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A "lucky chance" is bringing an international quilting exhibition to Dunedin next month.
"Natural Wonders of the World" is the result of a challenge to quilters in Japan, France and New Zealand last year and features interpretations of 30 natural wonders, worldwide.
Ninety quilters from were each provided with a small picture of a natural wonder, each one being allocated to a quilter from each country, allowing three different perspectives.
When the resulting exhibition was on in Rotorua earlier this year, a member and former president of Quilters and Patchworkers Otago, Isabel Nielsen, was holidaying in Hawke's Bay.
"I saw Natural Wonders was on in Rotorua and asked my husband to drive the two and a-half hours from Hawke's Bay so I could see it.
"I was completely blown away."
It was an exhibition not only of interest to quilters but also to other artists, she said.
When she saw it was not coming further south than Ashburton, Mr Nielsen did some checking. She realised there were enough empty days in the schedule for "Natural Wonders" to come to Otago.
The local committee quickly arranged to bring the 90-piece exhibition to Dunedin where it will be on display for three days at The H D Skinner Annex of the Otago Museum, from May 11-13.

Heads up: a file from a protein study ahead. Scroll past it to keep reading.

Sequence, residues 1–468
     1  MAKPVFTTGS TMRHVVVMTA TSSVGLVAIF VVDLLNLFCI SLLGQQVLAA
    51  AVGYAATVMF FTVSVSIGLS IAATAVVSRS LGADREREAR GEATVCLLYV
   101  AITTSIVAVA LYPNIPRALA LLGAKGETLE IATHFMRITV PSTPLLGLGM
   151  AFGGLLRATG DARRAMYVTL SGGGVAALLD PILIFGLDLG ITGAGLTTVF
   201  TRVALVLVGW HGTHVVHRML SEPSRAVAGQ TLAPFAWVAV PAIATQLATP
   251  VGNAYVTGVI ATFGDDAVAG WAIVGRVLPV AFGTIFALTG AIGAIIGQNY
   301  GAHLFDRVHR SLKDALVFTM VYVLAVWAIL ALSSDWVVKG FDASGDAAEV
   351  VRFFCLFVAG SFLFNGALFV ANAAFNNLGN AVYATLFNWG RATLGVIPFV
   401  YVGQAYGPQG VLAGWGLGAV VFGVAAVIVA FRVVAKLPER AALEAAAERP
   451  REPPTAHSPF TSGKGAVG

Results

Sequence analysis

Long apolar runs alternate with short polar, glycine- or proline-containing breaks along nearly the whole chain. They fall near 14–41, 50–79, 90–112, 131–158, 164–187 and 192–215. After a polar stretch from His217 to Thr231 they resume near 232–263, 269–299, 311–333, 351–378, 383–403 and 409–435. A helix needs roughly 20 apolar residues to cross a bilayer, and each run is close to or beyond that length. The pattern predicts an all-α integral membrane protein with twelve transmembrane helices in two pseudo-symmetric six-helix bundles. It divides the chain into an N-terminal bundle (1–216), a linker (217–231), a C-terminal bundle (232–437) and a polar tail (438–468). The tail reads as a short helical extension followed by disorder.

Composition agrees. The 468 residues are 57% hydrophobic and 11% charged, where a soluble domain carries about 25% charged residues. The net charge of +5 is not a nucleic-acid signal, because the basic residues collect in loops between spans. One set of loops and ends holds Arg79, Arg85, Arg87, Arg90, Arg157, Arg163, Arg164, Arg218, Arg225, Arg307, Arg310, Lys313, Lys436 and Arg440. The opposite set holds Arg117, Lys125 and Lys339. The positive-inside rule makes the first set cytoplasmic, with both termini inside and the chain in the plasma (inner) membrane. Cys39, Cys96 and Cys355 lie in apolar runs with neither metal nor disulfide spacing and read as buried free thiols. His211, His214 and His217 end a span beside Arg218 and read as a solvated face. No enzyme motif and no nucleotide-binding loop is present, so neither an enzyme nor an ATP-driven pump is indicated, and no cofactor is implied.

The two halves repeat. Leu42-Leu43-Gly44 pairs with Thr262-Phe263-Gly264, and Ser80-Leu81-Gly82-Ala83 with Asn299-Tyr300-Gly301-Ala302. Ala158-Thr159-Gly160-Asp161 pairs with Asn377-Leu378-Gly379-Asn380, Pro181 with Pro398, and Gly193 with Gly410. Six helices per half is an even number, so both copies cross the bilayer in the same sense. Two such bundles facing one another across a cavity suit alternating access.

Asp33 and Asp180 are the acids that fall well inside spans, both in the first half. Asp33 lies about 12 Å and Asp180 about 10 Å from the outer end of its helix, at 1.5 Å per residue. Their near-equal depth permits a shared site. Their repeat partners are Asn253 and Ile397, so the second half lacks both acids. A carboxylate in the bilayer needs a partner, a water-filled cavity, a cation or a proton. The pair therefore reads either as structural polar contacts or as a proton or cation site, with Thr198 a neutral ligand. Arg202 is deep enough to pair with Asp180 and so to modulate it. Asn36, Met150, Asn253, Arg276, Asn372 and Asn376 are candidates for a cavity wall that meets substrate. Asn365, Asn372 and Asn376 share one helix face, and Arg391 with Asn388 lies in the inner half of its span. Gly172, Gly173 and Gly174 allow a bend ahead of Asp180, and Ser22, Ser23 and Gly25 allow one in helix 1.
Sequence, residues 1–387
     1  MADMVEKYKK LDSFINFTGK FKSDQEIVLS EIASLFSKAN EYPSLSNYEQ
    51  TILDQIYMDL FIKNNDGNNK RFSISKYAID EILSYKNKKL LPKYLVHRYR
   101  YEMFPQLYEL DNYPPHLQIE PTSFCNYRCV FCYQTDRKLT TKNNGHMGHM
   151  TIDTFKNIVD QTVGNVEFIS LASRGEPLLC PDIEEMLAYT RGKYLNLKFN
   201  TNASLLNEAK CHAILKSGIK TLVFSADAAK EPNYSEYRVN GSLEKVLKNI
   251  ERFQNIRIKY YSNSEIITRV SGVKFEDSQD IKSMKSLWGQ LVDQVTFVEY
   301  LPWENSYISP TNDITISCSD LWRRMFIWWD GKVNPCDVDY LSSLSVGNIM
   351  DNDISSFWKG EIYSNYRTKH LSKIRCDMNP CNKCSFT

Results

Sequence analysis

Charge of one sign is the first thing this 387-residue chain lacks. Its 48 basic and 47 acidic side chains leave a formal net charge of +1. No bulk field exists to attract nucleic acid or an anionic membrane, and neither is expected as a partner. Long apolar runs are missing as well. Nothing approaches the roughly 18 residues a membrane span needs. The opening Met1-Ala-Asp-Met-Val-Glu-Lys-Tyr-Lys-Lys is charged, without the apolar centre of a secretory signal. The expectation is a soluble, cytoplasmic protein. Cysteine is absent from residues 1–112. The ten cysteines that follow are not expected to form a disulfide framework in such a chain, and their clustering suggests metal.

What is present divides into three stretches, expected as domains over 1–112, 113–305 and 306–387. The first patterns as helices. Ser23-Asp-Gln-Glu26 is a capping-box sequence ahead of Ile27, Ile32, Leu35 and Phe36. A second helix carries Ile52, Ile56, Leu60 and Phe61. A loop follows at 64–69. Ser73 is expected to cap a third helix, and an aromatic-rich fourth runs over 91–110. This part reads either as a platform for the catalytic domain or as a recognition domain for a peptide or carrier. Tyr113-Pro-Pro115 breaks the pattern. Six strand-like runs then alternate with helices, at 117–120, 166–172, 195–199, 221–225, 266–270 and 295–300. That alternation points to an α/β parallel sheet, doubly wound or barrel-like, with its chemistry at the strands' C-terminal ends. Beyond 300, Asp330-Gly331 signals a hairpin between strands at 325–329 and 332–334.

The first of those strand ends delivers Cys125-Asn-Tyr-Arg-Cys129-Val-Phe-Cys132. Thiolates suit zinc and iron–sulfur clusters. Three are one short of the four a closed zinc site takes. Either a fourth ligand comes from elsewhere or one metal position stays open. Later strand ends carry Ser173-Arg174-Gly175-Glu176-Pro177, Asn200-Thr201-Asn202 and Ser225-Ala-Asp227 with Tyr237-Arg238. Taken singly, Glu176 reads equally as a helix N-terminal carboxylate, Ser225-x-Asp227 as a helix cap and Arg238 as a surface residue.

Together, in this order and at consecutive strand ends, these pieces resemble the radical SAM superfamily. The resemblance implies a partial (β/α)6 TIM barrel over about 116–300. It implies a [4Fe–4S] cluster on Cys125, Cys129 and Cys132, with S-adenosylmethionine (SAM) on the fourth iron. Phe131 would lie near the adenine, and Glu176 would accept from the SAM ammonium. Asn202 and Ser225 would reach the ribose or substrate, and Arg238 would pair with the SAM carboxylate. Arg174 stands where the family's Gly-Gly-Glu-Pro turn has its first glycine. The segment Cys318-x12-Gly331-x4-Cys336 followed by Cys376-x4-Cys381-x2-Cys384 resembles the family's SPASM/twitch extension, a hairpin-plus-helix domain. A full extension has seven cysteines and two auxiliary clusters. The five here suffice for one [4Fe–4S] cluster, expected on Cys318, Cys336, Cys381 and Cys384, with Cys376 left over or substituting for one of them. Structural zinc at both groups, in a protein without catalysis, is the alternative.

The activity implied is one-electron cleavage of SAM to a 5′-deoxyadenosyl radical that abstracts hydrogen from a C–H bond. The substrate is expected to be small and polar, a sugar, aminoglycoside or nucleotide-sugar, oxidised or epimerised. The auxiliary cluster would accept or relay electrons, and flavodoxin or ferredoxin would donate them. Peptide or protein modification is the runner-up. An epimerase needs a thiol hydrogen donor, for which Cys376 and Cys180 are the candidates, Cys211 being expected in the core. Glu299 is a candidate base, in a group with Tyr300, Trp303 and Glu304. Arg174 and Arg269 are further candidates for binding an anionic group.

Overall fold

One Otago quilter, Mathea Daunheimer, of Oamaru, has a piece in the exhibition. She is one of three asked to interpret a natural ice cave in Iceland.
Of the 30 natural wonders featured, three are from each of the three countries involved, the remaining 21 being from all around the world.
New Zealand's three wonders are the Moeraki Boulders, Aoraki Mt Cook and Wai-o-tapu.
Aotearoa Quilters president Mary Culver, of Palmerston North, said the challenge was "very popular".
New Zealand had developed its own unique style of quilting. A growing number of quilters liked using the smaller size pieces as a medium for their artwork. The exhibition quilts are 50cm-square small pieces rather than full-size quilts.
They are displayed with the topic named above the three different interpretations, allowing viewers to see the differences between the styles of the participating quilters.
The exhibition has been in Japan and goes to France in August.